Just last year, SurveyMonkey found that 58 percent of men said there were no more obstacles for women in the workplace. In reality, their perception could not be further from the truth. From the #MeToo movement to the perpetuating gender pay gap, it is clear that we have yet to reach a place of gender equality at work. One of the reasons that gender equality seems to be out of reach is the disparity of women working in certain roles and fields.
Earlier this year, Entelo examined our database of half a billion candidates in efforts to quantify the Gender Gap in Technology. We found that today, women represented only 18% of all tech roles and only 10% of tech roles at the executive level.
When we conducted a similar analysis for VC, the numbers unfortunately reflected the same trend. The more senior the VC position, the lower the proportion of women fulfilling those roles. At the entry level women are in 44% of VC roles, and much like tech, the percentage drops to only 28% of roles at the executive level.
There’s no question women in venture capital are underrepresented, the question is why? Many experts point to the systematic sorting of men and women into different jobs. Of course these decisions are based on individuals own free will, however cultural factors have major influence over the jobs that women and men gravitate toward. Elise Gould, an economist and co-author of the report “Women’s work” and the gender pay gap from the Economic Policy Institute, said that the choices men and women make when it comes to career path are not made in a vacuum. Some of the factors that drive women to choose certain roles are the expectations of American mothers. Jobs with more flexibility, although well suited to parenting, also usually pay a lower salary.
Although the numbers depict a less than ideal reality, there are things that companies can do to course correct. Ensuring that the hiring process is fair and unbiased is critical to increasing the number of women in VC, or any industry for that matter. Companies can use technology like Entelo to reduce unconscious bias by removing demographic information that might sway a hiring manager’s perception of a candidate. Though technology will not solve the problem alone. Practicing inclusion begins long before a candidate is in the door. During the hiring process, organizations highlight how important inclusion is to their organizations. Interview questions that map back to company values or ask directly about prior experience with diversity and inclusion training or programs can help communicate to candidates how important inclusivity is at a company and help them see a future with the organization.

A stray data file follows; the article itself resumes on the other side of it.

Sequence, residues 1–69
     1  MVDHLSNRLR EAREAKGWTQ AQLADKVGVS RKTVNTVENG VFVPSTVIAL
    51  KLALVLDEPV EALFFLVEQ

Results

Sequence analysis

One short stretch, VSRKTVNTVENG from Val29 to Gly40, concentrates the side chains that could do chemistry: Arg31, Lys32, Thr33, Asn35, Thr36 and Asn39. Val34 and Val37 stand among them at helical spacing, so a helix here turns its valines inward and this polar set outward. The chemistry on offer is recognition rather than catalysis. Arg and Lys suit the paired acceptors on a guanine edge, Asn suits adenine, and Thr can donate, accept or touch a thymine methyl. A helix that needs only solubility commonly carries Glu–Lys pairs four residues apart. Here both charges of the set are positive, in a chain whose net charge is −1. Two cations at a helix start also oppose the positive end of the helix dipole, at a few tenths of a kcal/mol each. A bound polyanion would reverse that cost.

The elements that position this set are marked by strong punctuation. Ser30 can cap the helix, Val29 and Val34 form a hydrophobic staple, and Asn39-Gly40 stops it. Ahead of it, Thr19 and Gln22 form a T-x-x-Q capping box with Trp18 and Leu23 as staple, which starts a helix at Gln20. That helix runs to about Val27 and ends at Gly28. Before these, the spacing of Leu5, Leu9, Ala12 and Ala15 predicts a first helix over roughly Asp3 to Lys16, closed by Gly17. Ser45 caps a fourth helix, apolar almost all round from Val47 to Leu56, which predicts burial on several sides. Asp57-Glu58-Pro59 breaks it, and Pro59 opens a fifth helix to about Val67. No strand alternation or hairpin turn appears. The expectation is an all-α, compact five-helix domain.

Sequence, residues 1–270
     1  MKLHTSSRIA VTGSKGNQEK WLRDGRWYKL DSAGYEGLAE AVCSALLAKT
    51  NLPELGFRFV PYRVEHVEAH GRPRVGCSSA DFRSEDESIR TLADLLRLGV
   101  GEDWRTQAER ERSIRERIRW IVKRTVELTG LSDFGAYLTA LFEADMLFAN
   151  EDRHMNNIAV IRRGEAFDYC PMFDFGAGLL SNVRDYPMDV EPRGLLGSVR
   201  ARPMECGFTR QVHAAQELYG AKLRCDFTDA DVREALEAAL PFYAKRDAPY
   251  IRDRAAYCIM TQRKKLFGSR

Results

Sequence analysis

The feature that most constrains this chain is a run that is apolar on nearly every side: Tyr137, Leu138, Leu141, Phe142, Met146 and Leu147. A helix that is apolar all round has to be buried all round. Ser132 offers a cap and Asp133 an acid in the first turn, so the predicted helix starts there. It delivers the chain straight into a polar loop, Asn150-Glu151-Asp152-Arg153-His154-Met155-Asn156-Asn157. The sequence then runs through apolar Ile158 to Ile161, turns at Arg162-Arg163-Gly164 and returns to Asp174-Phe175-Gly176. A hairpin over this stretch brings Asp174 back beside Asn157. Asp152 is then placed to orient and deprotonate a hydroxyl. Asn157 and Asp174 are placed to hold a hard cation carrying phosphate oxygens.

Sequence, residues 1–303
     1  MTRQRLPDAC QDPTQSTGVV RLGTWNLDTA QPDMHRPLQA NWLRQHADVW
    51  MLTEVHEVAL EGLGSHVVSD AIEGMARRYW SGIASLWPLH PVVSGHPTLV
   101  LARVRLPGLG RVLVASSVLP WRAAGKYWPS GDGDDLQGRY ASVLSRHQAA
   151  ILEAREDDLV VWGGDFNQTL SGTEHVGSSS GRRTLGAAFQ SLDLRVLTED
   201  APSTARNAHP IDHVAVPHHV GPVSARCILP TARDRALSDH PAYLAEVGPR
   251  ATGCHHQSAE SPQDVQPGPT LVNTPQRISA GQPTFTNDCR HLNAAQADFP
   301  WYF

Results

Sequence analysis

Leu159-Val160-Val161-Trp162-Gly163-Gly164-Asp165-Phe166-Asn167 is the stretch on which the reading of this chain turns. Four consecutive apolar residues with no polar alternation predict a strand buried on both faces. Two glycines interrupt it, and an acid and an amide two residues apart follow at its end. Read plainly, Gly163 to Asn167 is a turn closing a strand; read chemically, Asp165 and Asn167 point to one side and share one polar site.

And because most of the issues women face in the workplace are interconnected, addressing the gender pay gap is integral to also addressing the disparity of women in certain roles. Research shows that employer policies that embrace salary transparency can help eliminate hard-to-justify gender pay gaps, and can play an important role in helping achieve balance in the workplace overall. While we would like to recognize that women have come a long way when it comes to equality in the workplace, there is still a lot of work that needs to be done. The best place to start, as with any problem, is the source. Sourcing using tools that allow recruiters to reduce bias and build diverse candidate pools are key to ensuring workplace gender equality in the future.